But you know how you can have a radio on and sometimes you really notice it and other times you completely tune it out because you’re focused on something else? We have that same ability with the random broadcast of our mind.
Getting started: Become aware of your thoughts
Recall a recent time that you were upset, whether it was for an hour, an afternoon, or even a set of days. What thoughts were bothering you? What story were you telling yourself?
Here’s an example of a very common story:
I’m getting ready for work in the morning. I’ve tried on three outfits and am beginning to run late. Ugh! I can’t find anything to wear! I think. Nothing fits right today. I’m too fat! If only I had stuck to my diet last week, I wouldn’t have this problem. But I don’t have any self-discipline. I can’t get anything right.
When I finally leave for work that day, I feel terrible. And it’s not even so much about what I’m wearing anymore, but about the idea that I can’t seem to get anything right in life.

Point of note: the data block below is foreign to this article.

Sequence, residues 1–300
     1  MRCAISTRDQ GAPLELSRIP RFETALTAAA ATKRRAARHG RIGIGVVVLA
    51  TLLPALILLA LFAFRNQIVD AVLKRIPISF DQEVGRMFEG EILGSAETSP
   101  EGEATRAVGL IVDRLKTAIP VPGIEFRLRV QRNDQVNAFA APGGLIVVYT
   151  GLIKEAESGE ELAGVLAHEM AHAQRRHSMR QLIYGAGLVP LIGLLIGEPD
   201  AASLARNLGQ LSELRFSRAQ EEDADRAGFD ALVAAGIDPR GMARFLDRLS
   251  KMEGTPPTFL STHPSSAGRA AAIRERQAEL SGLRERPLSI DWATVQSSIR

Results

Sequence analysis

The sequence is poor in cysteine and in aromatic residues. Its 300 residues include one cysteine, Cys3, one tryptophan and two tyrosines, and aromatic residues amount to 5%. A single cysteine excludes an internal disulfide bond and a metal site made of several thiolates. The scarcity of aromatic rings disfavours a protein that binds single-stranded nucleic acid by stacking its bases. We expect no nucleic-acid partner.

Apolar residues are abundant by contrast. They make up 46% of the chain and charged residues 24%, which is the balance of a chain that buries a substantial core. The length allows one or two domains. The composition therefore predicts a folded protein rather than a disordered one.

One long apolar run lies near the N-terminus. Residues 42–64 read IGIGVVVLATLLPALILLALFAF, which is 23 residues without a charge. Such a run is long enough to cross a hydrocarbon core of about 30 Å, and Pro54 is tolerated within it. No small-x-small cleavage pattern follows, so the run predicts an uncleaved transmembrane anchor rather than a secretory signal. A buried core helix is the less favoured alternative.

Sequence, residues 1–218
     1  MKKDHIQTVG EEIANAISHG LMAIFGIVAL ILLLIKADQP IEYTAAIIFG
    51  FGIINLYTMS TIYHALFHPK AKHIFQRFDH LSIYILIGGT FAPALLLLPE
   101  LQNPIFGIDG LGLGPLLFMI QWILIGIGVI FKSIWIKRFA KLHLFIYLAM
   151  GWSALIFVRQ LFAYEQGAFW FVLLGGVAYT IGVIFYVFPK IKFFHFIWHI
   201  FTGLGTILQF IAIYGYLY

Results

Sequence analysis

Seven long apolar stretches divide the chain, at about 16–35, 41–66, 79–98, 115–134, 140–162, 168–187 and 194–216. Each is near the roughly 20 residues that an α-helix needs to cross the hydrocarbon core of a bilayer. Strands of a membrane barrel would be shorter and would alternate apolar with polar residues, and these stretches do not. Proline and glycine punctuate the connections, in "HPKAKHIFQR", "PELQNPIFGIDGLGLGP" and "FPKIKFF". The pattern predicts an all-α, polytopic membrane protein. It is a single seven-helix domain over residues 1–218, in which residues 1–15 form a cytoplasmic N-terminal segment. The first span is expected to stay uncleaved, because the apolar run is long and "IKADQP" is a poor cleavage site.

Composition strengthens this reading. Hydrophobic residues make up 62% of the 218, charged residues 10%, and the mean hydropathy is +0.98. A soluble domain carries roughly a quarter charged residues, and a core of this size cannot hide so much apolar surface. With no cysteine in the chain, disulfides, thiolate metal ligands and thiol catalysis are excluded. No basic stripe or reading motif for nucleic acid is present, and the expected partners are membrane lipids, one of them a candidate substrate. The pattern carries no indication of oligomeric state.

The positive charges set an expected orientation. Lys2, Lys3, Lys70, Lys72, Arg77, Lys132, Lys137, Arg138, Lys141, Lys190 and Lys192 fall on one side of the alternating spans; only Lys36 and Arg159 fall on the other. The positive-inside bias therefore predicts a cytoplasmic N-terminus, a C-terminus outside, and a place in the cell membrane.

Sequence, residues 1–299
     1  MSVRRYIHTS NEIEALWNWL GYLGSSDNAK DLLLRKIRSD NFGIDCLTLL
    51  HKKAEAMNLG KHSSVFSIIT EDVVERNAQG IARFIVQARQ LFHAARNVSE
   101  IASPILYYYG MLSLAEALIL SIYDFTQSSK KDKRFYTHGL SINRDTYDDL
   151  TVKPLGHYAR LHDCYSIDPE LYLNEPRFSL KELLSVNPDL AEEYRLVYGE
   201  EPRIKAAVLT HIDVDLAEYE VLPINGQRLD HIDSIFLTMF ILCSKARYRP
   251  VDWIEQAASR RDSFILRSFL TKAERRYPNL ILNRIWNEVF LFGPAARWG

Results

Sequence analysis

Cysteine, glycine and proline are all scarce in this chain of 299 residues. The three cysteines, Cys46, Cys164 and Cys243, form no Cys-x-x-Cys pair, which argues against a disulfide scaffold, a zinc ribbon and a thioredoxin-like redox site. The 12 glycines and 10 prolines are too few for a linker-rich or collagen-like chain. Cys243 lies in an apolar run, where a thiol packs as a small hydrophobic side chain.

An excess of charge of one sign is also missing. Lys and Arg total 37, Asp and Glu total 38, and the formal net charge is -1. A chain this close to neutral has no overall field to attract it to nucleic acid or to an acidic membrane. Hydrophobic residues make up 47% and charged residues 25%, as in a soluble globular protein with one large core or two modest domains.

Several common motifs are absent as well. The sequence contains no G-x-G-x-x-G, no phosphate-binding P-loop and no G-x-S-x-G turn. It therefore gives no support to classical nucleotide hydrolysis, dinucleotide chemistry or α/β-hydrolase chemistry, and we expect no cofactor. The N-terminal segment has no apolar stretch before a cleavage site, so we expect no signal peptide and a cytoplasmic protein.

(Any of this sound familiar? The mind is a crazy place, isn’t it?)
Take a couple of minutes to reflect on your own thought pattern the last time you were upset. Grab a piece of paper and jot down some of the thoughts you had, and where they led you.
Then, from the techniques below, select at least one that you will try the next time this chain of thoughts starts up again.
Technique #1: Put some distance between you and your thoughts
This technique builds on the idea that your mind will generate these thoughts whether you want them or not, and that you can choose whether you allow them hook you or not. When we get "hooked" on a thought, we feed it with our attention so it grows. We also might believe that it defines us.
Use this technique to begin breaking your pattern of getting hooked on a thought. Take a step back instead to become an observer of the thought.
When you find yourself thinking a thought such as: “I’m not good enough.”
Notice that you’re having the thought by then thinking: “I am having the thought that ‘I’m not good enough.’”
See how this puts a tiny bit of distance between the thought and you? No longer are you presuming the thought is true of you; you’re simply a person thinking this thought.
Personally, after I use the phrase “I’m having the thought that…”, I like to follow it up with an image that I learned in meditation, which is to imagine my thought as a cloud drifting across the sky. I can allow it to shift or drift away, as clouds do.